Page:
for ICA; one was negative for CIAA. The overall accuracy of prediction for subnormal stimulated insulin release was 98%. Clinical Correlation. This prospective study suggests that the risk of developing IDDM is higher when transient hyperglycemia occurs in the absence of an intercurrent illness. Immunologic and endocrinologic markers were helpful predictors of the risk for IDDM in this subgroup. However, because immunologic markers are not well standardized between laboratories , comparable findings may not be achievable in every medical center. Oral glucose tolerance tests are not helpful in determining the propensity for IDDM. In contrast, the risk of developing IDDM appears to be low in the context of transient stress hyperglycemia. It should be noted that six of the seven children who developed IDDM were less than 6 years of age. In view of the recognized association of particular human leukocyte antigen (HLA) haplotypes (nonASp57 in the 13 chain of DQ and Arg52 in the a chain of DQ) with IDDM, characterization of HLA haplotypes would have enhanced this report (Trucco M: To be or not to be ASp57, that is the question. Diabetes Care 1992; 15:705). Detection of a Novel Arginine Vasopressin Defect by Dideoxy Fingerprinting. Krishnamani MRS, Phillips JA, III, Copeland KC. J Clin Endocrinol Metab 1993; 77:596. Familial Neurohypophyseal Diabetes Insipidus Associated with a Signal Peptide Mutation. McLeod JF, Kovacs L, GaskUl MB, Rittig S, Bradley GS, Robertson GL. J Clin Endocrinol Metab 1993; 599A. Glu-47, Which Forms a Salt Bridge Between Neurophysin-II and Arginine Vasopressin, is Deleted in Patients with Familial Central Diabetes Insipidus. Yuasa H, Ito M, Nagasaki H, Oiso Y, Miyamoto S, Sasaki N, Saito H. J Clin Endocrinol Metab 1993; 77:600. Krishnamani et al. Autosomal dominant diabetes insipidus is characterized by polyuria and polydipsia with variable age of onset. Treatment with exogenous arginine vaso-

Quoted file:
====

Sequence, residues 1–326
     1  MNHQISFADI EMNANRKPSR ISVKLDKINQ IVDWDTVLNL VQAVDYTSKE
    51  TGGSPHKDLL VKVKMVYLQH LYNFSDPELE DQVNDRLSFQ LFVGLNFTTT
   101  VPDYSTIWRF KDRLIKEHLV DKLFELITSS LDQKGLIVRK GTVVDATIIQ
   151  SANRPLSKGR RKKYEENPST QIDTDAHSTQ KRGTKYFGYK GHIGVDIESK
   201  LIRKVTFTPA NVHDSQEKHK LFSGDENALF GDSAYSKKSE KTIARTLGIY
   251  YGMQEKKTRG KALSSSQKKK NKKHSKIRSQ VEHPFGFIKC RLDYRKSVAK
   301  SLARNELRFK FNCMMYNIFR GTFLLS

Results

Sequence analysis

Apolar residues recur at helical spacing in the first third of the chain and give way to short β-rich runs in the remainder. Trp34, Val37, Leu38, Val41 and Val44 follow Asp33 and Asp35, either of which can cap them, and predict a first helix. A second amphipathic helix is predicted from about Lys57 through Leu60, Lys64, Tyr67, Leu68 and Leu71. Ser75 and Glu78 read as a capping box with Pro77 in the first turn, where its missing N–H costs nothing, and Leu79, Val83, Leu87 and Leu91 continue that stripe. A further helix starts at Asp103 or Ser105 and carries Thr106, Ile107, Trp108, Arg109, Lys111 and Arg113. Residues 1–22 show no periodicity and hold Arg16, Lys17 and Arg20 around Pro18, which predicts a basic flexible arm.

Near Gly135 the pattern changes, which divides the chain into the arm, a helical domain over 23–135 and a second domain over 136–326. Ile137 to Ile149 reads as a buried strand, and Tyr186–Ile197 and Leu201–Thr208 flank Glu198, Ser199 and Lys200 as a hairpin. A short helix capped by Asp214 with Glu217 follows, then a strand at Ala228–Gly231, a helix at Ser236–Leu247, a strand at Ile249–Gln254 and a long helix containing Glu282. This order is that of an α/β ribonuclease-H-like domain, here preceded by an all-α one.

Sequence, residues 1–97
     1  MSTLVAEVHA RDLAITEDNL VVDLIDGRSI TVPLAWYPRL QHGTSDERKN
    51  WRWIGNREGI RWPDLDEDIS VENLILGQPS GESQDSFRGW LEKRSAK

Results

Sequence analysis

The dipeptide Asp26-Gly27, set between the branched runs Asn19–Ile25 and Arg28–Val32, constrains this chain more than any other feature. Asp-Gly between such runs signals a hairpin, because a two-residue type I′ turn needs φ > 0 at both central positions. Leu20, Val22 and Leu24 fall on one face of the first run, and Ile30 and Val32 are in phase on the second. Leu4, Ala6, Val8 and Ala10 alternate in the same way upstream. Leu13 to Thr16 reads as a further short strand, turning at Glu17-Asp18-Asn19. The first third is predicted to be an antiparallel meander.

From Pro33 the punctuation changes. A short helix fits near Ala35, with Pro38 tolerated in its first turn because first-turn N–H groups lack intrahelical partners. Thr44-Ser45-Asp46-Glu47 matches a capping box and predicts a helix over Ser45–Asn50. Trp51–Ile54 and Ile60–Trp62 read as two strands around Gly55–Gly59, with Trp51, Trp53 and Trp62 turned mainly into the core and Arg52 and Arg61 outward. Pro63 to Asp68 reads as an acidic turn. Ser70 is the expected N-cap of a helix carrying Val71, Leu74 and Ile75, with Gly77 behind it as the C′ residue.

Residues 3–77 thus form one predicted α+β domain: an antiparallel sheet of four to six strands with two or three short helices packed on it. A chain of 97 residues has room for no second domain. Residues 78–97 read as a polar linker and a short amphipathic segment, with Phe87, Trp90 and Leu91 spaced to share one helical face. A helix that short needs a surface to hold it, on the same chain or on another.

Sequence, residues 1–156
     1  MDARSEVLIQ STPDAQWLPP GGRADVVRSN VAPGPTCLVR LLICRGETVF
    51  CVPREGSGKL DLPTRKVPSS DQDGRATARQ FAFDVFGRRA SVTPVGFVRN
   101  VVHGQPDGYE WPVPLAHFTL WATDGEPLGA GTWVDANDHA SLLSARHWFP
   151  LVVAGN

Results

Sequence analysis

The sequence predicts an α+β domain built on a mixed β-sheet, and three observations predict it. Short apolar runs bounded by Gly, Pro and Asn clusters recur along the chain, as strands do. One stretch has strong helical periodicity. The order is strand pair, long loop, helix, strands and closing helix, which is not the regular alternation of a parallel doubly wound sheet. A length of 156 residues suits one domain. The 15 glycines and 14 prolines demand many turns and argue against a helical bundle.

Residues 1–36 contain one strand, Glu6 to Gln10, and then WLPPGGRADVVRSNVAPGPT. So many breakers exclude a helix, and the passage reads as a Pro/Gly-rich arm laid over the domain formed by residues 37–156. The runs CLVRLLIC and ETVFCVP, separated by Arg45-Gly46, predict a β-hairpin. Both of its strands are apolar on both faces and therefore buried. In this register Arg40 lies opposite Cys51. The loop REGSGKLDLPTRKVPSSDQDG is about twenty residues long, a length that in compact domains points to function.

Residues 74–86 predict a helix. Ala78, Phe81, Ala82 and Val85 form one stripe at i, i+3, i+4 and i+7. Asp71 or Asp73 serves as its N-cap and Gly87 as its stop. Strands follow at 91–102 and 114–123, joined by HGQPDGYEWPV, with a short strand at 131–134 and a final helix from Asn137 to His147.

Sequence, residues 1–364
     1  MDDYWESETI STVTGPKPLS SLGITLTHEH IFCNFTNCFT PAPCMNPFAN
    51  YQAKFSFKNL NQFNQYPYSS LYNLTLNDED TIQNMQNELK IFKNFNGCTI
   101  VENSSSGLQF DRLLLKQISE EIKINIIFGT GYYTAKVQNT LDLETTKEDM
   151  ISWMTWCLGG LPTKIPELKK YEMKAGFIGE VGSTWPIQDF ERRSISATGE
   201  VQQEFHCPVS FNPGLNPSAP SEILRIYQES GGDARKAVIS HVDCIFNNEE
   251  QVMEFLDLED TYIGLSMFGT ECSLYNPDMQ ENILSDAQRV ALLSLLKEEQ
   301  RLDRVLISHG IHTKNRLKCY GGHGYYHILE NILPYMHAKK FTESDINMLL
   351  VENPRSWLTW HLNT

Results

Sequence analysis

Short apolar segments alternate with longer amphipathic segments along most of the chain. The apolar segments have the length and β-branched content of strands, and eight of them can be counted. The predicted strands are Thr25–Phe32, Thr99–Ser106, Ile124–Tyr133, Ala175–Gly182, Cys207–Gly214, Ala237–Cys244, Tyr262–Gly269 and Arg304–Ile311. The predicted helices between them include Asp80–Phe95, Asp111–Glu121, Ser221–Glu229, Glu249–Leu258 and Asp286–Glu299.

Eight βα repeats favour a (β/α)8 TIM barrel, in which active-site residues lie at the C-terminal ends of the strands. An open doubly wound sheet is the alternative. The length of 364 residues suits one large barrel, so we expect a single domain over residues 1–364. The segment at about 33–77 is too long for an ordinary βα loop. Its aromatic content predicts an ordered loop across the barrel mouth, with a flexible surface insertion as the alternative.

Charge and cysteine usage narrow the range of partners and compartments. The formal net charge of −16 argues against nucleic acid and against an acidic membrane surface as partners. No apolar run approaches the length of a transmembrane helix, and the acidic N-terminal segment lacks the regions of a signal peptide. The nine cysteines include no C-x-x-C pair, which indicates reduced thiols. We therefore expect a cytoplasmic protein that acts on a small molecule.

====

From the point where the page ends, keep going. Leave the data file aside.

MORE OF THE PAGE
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pressin (A VP) or its analogs decreases the polyuria. A VP and its neurophysin (NPII) are encoded by a single gene located on chromosome 20. Following synthesis as a single protein, A VP and NPII are cleaved and reassembled prior to secretion from the posterior pituitary. DNA was extracted from peripheral blood leukocytes from numerous members of a large kindred affected with autosomal dominant diabetes insipidus by Krishnamani et al. Affected individuals were heterozygous for a single nucleotide substitution which changed codon 19, the last codon of the AVP signal peptide, from alanine to threonine. The highly conserved terminal codon of the signal peptide appears to be important for correct posttranslational cleavage. The authors suggested that this mutation interferes with posttranslational processing such that AVP-NPII precursors accumulate and damage the cells producing them. Dideoxy cycle sequencing using a single dideoxynucleotide enabled rapid screening of other family members for this mutation. One of two infants evaluated carries the Ala19~Thr mutation.